This is the 2nd post in our continuing series dealing with kids and food by Clancy Cash Harrison. Thanks Clancy!
By Clancy Cash Harrison MS, RD, LDN owner and author of http://www.healthybabybeans.com and Professor of Nutrition at the University of Scranton.
Does your child refuse to eat specific food groups such as meat, dairy, or vegetables?
As children begin join their family at the table and increase the variety of food consumed; they also begin to imitate the guardian’s food behaviors and habits. A conflict may arise between what the child desires and what the parents considers an appropriate food choice or quantity. This conflict can cause the guardian to label the child as picky or finicky. Behaviors associated with these labels involve avoidance of foods or entire groups of foods. Picky eating might be more representative of acquiring new independence rather than a declaration of actual likes and dislikes.
As with most behaviors, the child’s stage of development can influence food choices. For example, a toddler may prefer finger foods that encourage them to demonstrate their new independence or an older child, who helps with meal preparation, may eat what they cook because a child will often taste what he or she has prepared.
Children often refuse a new food simply because it is unfamiliar to them but do not let the discourage you. It can take up to 10 exposures of a new food before a child accepts it.
However, most caregivers try a new food on average of 2.5 times before deciding the child actually dislikes the food.
It is important to introduce one food at a time to avoid confusion. Consistency with each new food, offering it at least once per day, helps the child to develop a familiarity with that specific food item. Offering new foods more frequently throughout the day will increases a child’s daily intake.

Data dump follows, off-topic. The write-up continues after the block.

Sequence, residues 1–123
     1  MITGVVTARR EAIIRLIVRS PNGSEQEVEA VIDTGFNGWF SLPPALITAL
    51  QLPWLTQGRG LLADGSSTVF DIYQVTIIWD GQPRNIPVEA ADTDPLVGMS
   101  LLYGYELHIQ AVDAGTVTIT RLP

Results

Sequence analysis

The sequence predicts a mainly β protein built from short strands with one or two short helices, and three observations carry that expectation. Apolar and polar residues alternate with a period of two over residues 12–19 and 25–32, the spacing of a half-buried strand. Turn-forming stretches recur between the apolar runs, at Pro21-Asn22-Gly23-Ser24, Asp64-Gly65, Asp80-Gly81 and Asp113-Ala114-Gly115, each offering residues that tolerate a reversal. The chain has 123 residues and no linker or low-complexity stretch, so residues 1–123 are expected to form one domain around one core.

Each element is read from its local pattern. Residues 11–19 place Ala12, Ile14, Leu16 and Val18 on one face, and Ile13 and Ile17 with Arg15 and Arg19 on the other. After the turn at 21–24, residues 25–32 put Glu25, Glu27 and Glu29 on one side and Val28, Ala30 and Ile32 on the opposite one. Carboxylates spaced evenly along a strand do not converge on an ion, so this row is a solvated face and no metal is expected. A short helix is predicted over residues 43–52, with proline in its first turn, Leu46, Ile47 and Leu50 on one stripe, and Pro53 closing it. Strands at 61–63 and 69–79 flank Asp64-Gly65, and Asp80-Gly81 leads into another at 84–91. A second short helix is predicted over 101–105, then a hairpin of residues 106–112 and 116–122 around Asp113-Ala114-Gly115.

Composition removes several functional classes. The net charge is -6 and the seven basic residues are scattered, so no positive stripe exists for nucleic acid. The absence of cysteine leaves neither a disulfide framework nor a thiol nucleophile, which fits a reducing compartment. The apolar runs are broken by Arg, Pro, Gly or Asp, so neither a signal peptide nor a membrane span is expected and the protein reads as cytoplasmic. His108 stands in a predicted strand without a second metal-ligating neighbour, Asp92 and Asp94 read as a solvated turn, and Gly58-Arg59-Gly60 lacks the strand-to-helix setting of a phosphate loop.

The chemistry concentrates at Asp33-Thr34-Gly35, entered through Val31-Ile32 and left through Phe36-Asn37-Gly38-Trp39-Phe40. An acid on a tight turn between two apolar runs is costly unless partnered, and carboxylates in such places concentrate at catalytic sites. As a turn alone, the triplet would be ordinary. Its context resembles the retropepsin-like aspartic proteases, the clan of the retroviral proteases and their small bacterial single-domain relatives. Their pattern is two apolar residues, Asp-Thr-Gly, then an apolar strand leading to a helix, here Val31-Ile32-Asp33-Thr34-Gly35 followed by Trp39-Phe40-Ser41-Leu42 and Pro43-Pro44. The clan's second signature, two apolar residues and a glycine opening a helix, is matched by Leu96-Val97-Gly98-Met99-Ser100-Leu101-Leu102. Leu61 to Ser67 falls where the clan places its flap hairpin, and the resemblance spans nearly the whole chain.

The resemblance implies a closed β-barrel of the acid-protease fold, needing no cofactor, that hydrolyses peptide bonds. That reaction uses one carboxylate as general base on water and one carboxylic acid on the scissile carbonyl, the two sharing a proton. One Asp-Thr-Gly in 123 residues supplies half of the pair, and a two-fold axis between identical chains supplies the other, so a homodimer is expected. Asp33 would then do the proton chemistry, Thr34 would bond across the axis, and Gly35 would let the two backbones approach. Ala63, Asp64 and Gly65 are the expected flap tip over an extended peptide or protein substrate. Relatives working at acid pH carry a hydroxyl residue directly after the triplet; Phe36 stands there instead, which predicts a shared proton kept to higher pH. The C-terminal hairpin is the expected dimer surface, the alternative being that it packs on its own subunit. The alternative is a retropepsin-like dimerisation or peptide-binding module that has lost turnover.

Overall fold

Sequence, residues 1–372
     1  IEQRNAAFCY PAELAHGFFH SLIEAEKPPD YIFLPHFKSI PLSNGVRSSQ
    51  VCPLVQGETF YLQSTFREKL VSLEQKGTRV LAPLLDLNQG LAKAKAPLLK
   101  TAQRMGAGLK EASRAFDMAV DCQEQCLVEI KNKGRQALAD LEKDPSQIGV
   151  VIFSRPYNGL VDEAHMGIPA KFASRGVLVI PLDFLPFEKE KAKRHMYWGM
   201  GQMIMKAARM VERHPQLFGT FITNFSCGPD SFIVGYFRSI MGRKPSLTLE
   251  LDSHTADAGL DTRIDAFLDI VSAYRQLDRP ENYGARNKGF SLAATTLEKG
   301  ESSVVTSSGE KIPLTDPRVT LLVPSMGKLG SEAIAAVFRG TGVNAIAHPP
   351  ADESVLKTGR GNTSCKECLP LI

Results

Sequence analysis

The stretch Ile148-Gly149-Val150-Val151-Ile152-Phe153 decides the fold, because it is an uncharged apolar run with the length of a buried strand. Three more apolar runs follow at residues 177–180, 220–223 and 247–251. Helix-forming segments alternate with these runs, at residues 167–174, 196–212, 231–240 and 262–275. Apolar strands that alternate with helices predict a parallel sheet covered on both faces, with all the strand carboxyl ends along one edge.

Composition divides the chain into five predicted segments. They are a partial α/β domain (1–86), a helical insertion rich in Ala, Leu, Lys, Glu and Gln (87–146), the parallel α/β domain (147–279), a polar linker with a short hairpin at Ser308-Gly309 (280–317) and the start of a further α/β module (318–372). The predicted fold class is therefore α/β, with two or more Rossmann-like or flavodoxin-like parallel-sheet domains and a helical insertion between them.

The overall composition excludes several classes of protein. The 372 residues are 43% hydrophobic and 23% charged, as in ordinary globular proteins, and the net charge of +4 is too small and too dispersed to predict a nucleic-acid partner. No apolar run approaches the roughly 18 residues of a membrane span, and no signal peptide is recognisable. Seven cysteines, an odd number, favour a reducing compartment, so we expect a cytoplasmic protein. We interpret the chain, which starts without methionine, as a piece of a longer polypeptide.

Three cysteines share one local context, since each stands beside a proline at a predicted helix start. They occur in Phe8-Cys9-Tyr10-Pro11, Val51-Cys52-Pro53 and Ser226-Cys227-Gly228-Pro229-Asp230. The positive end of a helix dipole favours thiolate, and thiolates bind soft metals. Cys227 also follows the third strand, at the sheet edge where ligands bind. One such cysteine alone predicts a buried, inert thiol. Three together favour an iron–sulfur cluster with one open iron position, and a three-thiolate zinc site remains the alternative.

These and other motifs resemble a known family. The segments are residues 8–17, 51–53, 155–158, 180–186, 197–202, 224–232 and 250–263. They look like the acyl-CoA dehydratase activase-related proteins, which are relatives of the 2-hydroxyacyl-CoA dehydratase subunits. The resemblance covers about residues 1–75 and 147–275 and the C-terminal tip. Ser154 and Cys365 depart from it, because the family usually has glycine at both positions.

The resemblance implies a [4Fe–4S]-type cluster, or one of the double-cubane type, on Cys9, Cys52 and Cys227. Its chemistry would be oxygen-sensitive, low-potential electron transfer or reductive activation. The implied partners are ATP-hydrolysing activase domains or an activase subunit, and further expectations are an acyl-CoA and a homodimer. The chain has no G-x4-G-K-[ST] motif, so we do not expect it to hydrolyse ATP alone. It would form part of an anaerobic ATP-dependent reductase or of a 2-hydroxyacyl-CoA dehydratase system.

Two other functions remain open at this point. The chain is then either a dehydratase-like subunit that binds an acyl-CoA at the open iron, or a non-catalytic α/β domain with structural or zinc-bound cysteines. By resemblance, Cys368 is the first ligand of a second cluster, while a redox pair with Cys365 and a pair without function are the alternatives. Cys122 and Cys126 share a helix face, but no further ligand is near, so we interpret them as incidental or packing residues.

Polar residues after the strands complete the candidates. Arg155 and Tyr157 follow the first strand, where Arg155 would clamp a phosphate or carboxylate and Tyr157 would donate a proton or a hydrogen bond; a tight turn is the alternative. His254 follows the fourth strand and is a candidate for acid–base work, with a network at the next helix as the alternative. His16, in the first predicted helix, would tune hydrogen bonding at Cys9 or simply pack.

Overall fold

Not only exposure to new foods but also the opportunity to taste a food enhances food acceptance.
Here are specific tips for increasing nutrition for the picky eater:
Tips for the Picky Meat Eater:
- Offer egg, beans, cheese and iron fortified cereal as a substitute to ensure iron intake.
- Cut meat differently (long thin strips) to make it easier for the child to eat as finger food.
- Cook and serve juicy tender dark meat of poultry.
- Offer leafy greens for additional iron. Bake kale chips or puree kale/spinach into sauces, soups, casseroles, omelets, etc.
- Add beans, finely shredded meat and poultry into casseroles, sauce, soups, pizza, tacos.
- Add House of Herbs Blackstrap Molasses (70% RDA of Iron to oatmeal, syrups, etc. for added iron.
- Offer seeds and nuts as snacks or grind up into baked goods.
Tips for the Picky Milk Eater:
- Offer cheese and yogurts as snack.
- Add vitamin D drops to food or beverages.
- Add evaporated milk to smoothies.
- Use milk instead of water when cooking hot cereals, pudding, etc.
- Add evaporated milk to casseroles, bake goods, hot cereals, pudding, etc.
- Let your child drink the milk from a straw.
- Offer almonds, broccoli, kale, pinto beans, okra, and fortified orange juice as great calcium substitutes.
Tips for the Vegetable and Fruit Striker:
- If your child refuses veggies, give more fruit. If your child refuses fruit, give more veggies.
- Cut the veggies and fruit in different shapes.
- Substitute pureed carrots, butternut squash, pumpkin, applesauce to baked goods for oil.
- Add pureed veggies to casseroles, baked goods, soups and sauces but still serve the vegetable as a side dish.
- Let your child eat frozen fruit and veggies (don’t defrost them but make sure they are not a choking hazard- over 3 years of age)
- Puree fruit (mango, berries, and banana) and thin with 100% juice make homemade popsicles.
- Make kid theme gardens (pizza garden, taco garden, etc.) To learn how, click here.
- Let your child play with their vegetables. Read my article called, Infant Meet Vegetable, Vegetable Meet Infant.
General Nutrition Tips:
- Offer the foods they strike at the time they are most hungry.
- Concentrate on table manners and not what they are eating.
- Don’t make food the center of the conversation at the meal.
- Keep your meals on a schedule.
- Always provide a favorite food with a new food.
- Do not use food as a reward.
- Do not become a short order cook.
- Do not snack within an hour of the meal.
- Limit juice consumption.
- Let the child decide what and how much he or she will eat.
- Trust your child to know his or her hunger level.
- Let children help with meal planning and preparation.
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Clancy Cash Harrison, MS, RD, LDN will be speaking about picky eating at The Lands at Hillside Farms WinterFest on Jan 27 and Feb 3 at 1:00 PM. Please visit http://www.thelandsathillsidefarms.org/events/ for more information.